Minty Sweet and Sour Eggplant (Aubergine)

"An absolutely delightful canape or side dish with lamb or grilled fish from Madhur Jaffrey. It's easiest done with long, skinny Japanese eggplant, but it works equally as well with standard Italian eggplant, cut into half-circles. You can slice and broil the eggplant in advance and do the final touches just before you're ready to serve."
photo by Sackville photo by Sackville
photo by Sackville
photo by Sackville photo by Sackville
Ready In:




  • Preheat the broiler and position the rack on the top level.
  • Line a baking sheet with foil and brush the foil with oil.
  • If using Japanese eggplants, slice on the diagonal 1/3 inch thick.
  • If using Italian eggplants, slice in half lengthwise, and then cut slices 1/3 inch thick.
  • Lay as many as will fit on the baking sheet and brush with oil and sprinkle with salt and pepper.
  • Broil until lightly browned.
  • Turn and repeat.
  • If you have more slices than will fit on one baking sheet, repeat the process until all slices have been browned.
  • Turn off broiler and pre-heat oven to 350°F.
  • Toast the cumin seeds in a small saute pan until they darken and give off an aroma.
  • Cool the seeds and place in a bowl with the rest of the seasoning ingredients.
  • Lay the eggplant slices in a baking dish in slightly over-lapping rows or concentric circles. Dribble or brush over each row the seasoning mixture until all slices are used.
  • Cover with foil and bake for 20 minutes. (Result is a lovely casserole/gratin of eggplant to serve as a side.
  • In the alternative, place slices on baking sheet, brush with seasoning mixture and bake till mixture is absorbed. (Result is a canape which can be served on its own).
  • Beware--the aroma is so good you will be tempted to pick one up and eat it to the despair of your fingertips and tongue.
  • As a canape or a side, the eggplant can be served hot or at room temperature.

Questions & Replies

Got a question? Share it with the community!


  1. I cut the salt too. I changed the cooking method and sauted the eggplant and spices until the eggplant was cooked. This was great. I loved the cumin, mint and lemon juice combination. I have 23 eggplants growing on my plants now so this will be a frequent at our table. Thanks.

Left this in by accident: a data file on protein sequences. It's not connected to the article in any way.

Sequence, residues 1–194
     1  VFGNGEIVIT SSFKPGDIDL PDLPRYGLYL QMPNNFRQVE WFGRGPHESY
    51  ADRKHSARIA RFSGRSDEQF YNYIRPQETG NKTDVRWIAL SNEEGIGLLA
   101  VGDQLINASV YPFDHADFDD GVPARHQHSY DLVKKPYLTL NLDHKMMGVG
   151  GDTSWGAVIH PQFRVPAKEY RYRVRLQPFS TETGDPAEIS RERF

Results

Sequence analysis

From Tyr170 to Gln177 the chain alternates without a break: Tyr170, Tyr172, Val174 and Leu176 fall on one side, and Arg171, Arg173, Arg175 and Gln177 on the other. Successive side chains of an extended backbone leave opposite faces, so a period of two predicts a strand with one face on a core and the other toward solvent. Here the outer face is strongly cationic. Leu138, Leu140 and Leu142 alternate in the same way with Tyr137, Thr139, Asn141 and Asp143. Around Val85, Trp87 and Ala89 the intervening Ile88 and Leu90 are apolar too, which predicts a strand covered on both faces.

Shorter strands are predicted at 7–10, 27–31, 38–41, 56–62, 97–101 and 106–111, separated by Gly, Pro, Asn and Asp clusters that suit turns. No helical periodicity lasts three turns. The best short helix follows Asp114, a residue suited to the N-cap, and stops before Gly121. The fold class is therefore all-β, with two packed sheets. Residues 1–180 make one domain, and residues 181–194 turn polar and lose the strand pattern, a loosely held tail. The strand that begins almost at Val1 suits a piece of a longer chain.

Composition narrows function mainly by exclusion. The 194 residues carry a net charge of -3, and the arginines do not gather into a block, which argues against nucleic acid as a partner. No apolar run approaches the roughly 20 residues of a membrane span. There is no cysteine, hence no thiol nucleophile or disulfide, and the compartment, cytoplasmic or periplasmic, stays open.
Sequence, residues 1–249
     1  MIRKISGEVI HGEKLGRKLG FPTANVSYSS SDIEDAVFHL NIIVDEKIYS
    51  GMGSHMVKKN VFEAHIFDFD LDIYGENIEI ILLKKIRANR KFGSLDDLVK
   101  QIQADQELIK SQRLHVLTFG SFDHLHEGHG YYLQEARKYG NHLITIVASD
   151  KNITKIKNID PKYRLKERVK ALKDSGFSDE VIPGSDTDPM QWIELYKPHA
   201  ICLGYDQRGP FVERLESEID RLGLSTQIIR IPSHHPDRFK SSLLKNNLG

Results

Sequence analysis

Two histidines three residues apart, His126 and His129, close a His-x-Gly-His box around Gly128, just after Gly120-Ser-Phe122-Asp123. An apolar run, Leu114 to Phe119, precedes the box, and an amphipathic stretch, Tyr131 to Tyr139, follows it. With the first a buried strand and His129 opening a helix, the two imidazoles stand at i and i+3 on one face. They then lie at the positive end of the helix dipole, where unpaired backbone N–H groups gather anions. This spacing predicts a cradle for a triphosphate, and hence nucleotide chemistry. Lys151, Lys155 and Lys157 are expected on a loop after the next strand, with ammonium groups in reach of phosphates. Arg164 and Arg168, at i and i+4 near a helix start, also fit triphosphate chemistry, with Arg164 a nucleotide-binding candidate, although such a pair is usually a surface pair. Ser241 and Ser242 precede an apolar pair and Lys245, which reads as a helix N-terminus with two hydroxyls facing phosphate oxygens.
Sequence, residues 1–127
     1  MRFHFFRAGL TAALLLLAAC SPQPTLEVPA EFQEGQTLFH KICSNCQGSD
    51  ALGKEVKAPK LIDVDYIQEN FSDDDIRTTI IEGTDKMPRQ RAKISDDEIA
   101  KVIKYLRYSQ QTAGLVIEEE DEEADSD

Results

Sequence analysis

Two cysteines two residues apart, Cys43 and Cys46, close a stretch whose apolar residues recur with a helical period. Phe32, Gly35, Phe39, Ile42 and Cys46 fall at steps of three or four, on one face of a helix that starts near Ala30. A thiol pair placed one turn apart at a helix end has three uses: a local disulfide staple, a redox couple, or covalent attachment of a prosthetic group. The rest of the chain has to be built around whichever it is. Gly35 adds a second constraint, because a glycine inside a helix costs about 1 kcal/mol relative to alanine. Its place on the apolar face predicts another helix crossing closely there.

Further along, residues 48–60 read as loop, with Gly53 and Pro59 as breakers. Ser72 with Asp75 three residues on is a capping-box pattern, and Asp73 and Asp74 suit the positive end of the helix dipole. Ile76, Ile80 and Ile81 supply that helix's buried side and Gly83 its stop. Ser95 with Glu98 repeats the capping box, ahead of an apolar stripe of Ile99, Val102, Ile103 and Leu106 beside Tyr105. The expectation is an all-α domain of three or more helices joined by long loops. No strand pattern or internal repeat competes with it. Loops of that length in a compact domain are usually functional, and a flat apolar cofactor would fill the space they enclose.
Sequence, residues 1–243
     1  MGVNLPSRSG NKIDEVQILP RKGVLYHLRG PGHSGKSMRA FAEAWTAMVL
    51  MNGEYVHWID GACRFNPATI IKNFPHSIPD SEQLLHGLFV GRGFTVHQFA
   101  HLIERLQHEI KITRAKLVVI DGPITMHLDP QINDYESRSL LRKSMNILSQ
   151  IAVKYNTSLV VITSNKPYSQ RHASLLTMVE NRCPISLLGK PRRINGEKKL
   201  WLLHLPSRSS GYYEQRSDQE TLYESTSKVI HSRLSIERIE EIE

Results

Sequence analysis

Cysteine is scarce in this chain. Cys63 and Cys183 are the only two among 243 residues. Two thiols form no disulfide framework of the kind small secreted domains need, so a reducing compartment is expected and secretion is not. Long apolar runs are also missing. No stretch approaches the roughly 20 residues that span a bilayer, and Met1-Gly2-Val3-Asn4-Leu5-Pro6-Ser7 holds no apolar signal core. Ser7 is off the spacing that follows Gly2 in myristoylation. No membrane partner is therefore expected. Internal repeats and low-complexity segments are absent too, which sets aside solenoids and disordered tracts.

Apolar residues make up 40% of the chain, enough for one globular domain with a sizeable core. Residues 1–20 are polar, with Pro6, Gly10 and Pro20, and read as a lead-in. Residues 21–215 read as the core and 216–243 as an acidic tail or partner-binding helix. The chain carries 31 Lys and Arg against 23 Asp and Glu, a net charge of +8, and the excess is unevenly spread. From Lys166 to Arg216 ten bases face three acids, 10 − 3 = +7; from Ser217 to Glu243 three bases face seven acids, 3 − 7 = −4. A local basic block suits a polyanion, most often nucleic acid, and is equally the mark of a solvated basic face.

2. I liked this but found it a bit more faffy to prepare than I expected. It took a while for the first stage of baking the eggplant, by the time I cut it into 40 or 50 slices and then brushed each one with oil and turned them. You have to watch the eggplant carefully as well because it can go from brown to black pretty quickly. The topping was yummy though, no faults at all with the spicing. I found 1 Italian eggplant made just enough for the 2 of us as a side dish to lamb and potatoes. The eggplant and spices complimented the lamb nicely.
  3. Delicious combination, and one I wouldn't have thought of before tasting this dish. It IS easy to prepare, as well. I made this in a shallow 1.5 L baking dish, and had three layers (this might be helpful for those who, as I did, have trouble deciding which dish to use, and how much spice mix to pour over each layer). Thanks for posting!
  4. I used plain old purple Italian eggplant; I didn't peel the eggplant. Despite the imposing list of 16 numbered instructions, this dish was actually pretty quick and easy to prepare. I did cut down on the salt quite a bit, but otherwise made it as directed. A tasty out-of-the-ordinary treat.
  5. This is a delightful mix of sweet and sour. I enjoyed the flavors of cumin and mint with lemon and sugar, wow, a lovely dish. Thanks Kate!


<p>I have always loved to cook. When I was little, I cooked with my Grandmother who had endless patience and extraordinary skill as a baker. And I cooked with my Mother, who had a set repertoire, but taught me many basics. Then I spent a summer with a French cousin who opened up a whole new world of cooking. And I grew up in New York City, which meant that I was surrounded by all varieties of wonderful food, from great bagels and white fish to all the wonders of Chinatown and Little Italy, from German to Spanish to Mexican to Puerto Rican to Cuban, not to mention Cuban-Chinese. And my parents loved good food, so I grew up eating things like roasted peppers, anchovies, cheeses, charcuterie, as well as burgers and the like. In my own cooking I try to use organics as much as possible; I never use canned soup or cake mix and, other than a cheese steak if I'm in Philly or pizza by the slice in New York, I don't eat fast food. So, while I think I eat and cook just about everything, I do have friends who think I'm picky--just because the only thing I've ever had from McDonald's is a diet Coke (and maybe a frie or two). I have collected literally hundreds of recipes, clipped from the Times or magazines, copied down from friends, cajoled out of restaurant chefs. Little by little, I am pulling out the ones I've made and loved and posting them here. Maybe someday, every drawer in my apartment won't crammed with recipes. (Of course, I'll always have those shelves crammed with cookbooks.) I'm still amazed and delighted by the friendliness and the incredible knowledge of the people here. 'Zaar has been a wonderful discovery for me.</p>
View Full Profile

Find More Recipes